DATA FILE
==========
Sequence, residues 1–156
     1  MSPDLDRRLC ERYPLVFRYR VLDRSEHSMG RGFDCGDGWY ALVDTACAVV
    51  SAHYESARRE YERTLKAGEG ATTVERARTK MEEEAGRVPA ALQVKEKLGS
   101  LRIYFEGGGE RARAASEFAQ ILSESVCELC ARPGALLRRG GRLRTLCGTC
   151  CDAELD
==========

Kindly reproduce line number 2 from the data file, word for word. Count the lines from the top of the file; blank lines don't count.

     1  MSPDLDRRLC ERYPLVFRYR VLDRSEHSMG RGFDCGDGWY ALVDTACAVV